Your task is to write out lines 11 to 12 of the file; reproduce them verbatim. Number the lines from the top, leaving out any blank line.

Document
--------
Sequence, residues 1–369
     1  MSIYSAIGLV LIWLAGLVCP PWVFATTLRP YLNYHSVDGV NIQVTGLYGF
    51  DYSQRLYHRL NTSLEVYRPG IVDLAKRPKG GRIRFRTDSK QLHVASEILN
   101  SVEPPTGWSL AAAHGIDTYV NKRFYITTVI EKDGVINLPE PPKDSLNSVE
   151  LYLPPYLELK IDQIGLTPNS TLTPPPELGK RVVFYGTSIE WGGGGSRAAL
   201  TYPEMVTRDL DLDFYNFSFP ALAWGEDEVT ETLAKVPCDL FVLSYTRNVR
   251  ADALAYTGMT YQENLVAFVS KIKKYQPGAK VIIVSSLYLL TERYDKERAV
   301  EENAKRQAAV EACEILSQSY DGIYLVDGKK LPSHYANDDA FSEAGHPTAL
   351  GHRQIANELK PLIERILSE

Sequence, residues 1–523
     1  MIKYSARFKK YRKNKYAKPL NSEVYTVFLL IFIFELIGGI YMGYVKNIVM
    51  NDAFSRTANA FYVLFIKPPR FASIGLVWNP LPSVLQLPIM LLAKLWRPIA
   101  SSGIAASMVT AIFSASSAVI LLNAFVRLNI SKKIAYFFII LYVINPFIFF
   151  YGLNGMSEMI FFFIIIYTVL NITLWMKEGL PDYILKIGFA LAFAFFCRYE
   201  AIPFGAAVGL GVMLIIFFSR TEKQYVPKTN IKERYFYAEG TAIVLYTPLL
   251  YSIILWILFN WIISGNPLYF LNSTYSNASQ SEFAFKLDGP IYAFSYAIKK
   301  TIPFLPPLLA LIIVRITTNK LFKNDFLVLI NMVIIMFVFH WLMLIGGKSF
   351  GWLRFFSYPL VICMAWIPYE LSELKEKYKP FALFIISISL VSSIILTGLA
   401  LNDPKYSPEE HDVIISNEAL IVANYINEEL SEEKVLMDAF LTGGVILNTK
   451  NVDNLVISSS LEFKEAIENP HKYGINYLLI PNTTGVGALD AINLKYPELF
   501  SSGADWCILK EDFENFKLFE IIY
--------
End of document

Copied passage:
     1  MIKYSARFKK YRKNKYAKPL NSEVYTVFLL IFIFELIGGI YMGYVKNIVM
    51  NDAFSRTANA FYVLFIKPPR FASIGLVWNP LPSVLQLPIM LLAKLWRPIA